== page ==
Snyk Acquires Fugue to Secure Cloud Infrastructure

Snyk today announced it has acquired Fugue as part of an effort to embed security within an infrastructure-as-code (IaC) provisioning tool.

The Fugue platform combines an unified policy engine with an implementation of the open source Open Policy Agent (OPA) software, dubbed Regula, to ensure security and compliance policies are consistently enforced. OPA provides IT teams with a tool for declaratively applying policies and is being advanced under the auspices of the Cloud Native Computing Foundation (CNCF).

The Fugue IaC tool also provides pre-deployment security checks for Terraform, AWS CloudFormation, Kubernetes manifests and Dockerfiles. It enables IT teams to create and test custom policies using Rego, the programming language created for OPA. In addition, there are interactive visual maps of IaC templates and the ability to export IaC diagrams that IT teams can use for planning and approval processes.

Josh Stella, the former CEO of Fugue who is now a chief architect for Snyk, said Regula is designed to make it possible to apply those policies to both cloud-native and legacy monolithic applications. Tighter integration with the cloud security posture management (CSPM) tools that Snyk provides will make it possible to provide developers with an instant feedback loop as they provision infrastructure, he added. Armed with that intelligence, it becomes less likely that mistakes will be made and that cybercriminals can take advantage of those, noted Stella.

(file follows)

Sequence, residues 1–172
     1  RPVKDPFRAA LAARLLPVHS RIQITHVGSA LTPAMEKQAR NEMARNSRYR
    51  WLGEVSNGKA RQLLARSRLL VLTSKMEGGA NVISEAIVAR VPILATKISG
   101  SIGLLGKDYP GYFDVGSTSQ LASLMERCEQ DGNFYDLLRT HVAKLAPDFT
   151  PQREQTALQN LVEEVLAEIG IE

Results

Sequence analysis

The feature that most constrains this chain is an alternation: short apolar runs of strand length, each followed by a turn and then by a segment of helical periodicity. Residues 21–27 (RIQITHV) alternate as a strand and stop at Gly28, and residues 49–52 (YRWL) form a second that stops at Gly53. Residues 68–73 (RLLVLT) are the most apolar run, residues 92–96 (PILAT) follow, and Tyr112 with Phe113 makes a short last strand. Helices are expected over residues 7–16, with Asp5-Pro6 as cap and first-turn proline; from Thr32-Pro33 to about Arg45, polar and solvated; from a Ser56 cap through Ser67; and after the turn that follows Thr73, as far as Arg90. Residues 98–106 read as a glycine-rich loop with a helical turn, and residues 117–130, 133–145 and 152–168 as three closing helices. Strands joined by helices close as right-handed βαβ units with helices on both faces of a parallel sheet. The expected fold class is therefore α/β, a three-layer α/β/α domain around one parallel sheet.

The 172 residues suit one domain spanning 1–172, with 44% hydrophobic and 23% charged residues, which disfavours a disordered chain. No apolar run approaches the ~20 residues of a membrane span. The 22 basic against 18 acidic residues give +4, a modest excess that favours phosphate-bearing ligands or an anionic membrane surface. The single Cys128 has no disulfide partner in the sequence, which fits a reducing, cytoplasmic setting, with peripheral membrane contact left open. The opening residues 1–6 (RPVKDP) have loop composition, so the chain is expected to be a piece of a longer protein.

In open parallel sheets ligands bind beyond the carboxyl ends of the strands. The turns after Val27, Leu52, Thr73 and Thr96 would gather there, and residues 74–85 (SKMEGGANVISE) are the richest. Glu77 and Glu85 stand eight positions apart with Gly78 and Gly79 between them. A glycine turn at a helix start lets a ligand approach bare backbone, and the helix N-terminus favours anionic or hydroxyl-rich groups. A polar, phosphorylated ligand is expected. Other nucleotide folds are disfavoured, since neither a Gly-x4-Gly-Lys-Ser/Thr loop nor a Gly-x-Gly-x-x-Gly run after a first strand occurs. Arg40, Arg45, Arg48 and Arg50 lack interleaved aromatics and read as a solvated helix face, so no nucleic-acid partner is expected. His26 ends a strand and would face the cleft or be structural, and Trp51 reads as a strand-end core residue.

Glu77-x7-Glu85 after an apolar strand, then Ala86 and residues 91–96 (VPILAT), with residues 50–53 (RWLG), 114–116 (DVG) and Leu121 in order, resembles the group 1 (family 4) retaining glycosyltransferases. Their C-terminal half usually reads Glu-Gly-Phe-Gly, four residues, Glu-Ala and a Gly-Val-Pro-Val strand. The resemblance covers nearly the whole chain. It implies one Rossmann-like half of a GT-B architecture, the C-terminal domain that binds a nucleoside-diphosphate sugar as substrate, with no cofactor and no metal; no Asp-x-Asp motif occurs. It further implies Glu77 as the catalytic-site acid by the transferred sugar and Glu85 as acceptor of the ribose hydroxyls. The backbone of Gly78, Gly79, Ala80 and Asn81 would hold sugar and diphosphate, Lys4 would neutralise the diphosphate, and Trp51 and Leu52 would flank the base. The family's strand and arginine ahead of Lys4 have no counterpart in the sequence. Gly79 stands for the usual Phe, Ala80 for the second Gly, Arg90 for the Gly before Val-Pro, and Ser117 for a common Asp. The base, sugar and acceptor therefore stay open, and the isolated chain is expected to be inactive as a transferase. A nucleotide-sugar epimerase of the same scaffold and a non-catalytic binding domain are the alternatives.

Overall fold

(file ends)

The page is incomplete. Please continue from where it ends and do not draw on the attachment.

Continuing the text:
DevOps teams should also expect to see Fugue integrated with the artificial intelligence capabilities Snyk gained with the acquisition of DeepCode, a provider of an interpretable machine learning semantic code analysis tool that scans code anywhere from 10 to 50 times faster than existing approaches. In total, Snyk has acquired five companies in the last 18 months, including CloudSkiff, FossID, Manifold and DeepCode.

Misconfigurations of IT infrastructure have emerged as a major issue in the cloud era. Developers often have little to no cybersecurity expertise, and using application programming interfaces (APIs) to provision IT infrastructure themselves increases the chance that mistakes will be made. The acquisition of Fugue creates an opportunity to address that issue at a time when the management of infrastructure and applications is converging, said Stella.

The amount of focus on cloud security also increasing as part of a larger discussion involving software supply chains that is becoming increasing targets of attack. Cybercriminals are becoming more adept at scanning for vulnerabilities created when developers, for example, inadvertently leave open a port on a cloud service through which data can be exfiltrated.

It’s not clear just how far responsibility for cybersecurity will shift left toward developers in the months and years ahead. However, as more intelligence is incorporated into the tools that developers use, the easier it will become to automate DevSecOps best practices. In fact, the goal should be to make it easier to build more secure applications faster rather than forcing organizations to slow down to deal with security issues that should never happened in the first place.

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